A 500-year-old frozen Incan mummy known as ‘The Maiden’ was suffering from a bacterial infection when she died – and being able to ‘diagnose’ the disease could lead to new insights into diseases of the past.
The discovery could help defend against new illnesses – or the re-emergence of diseases of the past.
The mummy was suffering from an illness similar to tuberculosis when she was sacrificed on the Argentinian volcano Llullaillaco, 22,100 feet above sea level.
The find – using a new technique of swabbing the lips and comparing the swabs with those of current patients – is the first time a disease has been ‘diagnosed’ in such an ancient body.
‘Pathogen detection in ancient tissues isn’t new, but until now it’s been impossible to say whether the infectious agent was latent or active,’ says Corthals.
‘Our technique opens a new door to solving some of history’s biggest mysteries, such as the reasons why the flu of 1918 was so devastating. It will also enhance our understanding of our future’s greatest threats, such as the emergence of new infectious agents or re-emergence of known infectious diseases.’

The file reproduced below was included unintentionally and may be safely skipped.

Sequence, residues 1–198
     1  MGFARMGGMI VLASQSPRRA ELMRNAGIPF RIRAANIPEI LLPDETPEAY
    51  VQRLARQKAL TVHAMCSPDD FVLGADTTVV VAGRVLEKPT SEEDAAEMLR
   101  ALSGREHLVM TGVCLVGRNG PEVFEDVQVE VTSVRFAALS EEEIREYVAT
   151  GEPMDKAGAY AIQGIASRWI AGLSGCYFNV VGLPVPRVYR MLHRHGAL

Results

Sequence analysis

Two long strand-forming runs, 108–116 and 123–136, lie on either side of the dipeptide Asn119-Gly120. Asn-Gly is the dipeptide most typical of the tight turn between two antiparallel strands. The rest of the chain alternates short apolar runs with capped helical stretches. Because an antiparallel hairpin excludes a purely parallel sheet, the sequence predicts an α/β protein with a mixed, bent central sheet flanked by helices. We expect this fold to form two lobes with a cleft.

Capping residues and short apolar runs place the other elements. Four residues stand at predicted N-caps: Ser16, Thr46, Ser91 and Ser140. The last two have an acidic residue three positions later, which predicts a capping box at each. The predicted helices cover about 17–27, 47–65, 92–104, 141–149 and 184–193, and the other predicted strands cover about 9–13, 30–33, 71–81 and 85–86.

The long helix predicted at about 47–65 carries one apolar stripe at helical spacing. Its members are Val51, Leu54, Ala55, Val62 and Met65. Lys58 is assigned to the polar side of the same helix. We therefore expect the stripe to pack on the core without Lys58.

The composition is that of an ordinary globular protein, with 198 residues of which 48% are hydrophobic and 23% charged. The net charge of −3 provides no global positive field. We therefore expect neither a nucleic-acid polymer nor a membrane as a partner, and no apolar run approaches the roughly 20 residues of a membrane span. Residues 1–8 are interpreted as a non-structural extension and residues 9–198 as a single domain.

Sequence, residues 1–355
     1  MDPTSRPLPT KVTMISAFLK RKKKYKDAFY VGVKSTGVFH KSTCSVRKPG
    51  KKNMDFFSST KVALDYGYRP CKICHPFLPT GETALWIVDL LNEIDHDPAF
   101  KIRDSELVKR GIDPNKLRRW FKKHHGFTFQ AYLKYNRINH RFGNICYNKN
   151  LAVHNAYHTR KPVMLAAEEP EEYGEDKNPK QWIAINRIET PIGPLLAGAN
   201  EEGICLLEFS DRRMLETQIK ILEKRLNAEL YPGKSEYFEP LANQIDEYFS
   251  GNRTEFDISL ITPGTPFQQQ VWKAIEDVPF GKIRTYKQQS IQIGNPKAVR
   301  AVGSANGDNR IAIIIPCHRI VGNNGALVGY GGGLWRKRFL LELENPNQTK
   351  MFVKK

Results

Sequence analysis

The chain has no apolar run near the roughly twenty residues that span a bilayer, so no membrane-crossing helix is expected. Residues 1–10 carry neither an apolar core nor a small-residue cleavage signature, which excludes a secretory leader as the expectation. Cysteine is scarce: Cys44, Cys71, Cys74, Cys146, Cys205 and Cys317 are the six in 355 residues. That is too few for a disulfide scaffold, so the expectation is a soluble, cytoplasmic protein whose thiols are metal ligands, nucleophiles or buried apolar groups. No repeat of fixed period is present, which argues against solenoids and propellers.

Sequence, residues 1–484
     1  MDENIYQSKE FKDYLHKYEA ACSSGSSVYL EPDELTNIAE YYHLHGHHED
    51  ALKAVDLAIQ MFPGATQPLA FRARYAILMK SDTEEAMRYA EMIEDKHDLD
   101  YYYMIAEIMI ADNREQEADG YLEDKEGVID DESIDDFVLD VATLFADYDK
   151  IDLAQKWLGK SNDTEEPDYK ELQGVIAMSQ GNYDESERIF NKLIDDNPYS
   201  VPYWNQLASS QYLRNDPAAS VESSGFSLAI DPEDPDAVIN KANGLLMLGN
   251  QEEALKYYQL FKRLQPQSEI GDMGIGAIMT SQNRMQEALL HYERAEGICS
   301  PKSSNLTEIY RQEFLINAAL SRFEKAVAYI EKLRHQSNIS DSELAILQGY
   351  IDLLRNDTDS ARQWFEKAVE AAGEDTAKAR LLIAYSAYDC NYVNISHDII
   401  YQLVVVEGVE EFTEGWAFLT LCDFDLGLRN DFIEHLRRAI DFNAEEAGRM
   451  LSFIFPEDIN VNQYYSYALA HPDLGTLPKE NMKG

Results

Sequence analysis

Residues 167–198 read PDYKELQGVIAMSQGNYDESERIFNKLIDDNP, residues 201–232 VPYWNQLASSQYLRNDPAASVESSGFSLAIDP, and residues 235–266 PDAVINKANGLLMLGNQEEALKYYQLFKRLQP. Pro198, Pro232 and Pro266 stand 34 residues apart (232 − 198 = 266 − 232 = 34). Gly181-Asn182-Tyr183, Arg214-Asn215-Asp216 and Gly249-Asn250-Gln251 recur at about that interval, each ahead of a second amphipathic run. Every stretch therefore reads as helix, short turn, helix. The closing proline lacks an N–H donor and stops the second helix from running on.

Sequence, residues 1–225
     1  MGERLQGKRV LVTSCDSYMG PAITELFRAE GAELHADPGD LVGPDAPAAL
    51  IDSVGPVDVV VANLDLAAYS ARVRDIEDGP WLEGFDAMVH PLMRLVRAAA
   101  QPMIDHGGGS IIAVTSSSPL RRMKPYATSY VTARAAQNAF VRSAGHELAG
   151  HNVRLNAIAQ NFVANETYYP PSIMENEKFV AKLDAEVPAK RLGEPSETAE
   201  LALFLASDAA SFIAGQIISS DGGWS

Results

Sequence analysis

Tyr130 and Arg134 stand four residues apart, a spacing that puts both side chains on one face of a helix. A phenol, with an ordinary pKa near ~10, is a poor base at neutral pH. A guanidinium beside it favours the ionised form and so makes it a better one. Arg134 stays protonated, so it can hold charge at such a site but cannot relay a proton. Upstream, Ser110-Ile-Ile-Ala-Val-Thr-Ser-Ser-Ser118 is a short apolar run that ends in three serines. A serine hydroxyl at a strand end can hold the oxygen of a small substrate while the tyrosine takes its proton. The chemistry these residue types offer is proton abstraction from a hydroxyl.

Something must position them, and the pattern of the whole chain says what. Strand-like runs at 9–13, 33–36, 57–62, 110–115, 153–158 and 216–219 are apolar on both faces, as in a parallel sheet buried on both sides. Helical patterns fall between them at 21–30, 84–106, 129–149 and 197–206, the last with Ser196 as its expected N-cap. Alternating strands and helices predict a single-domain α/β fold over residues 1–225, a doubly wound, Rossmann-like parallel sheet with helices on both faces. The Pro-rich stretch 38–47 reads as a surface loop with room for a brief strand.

The analysis was possible because of the incredible preservation of the mummy, which is so well-preserved there were still lice in her hair.
The team swabbed the lips of two Andean Inca mummies, buried at 22,000-feet elevation and originally discovered in 1999, and compared the proteins they found to large databases of the human genome.
The view from the summit of Llullaillaco volcano where the children were found. The children were plucked from these slopes in 1999 by a team who battled for three days through driving blizzards and 70mph winds to reach the summit
Child sacrifice was called capacocha. The process of capacocha could begin years before the selected person was killed. A mummified body of a child who was killed during one such sacrifice is pictured here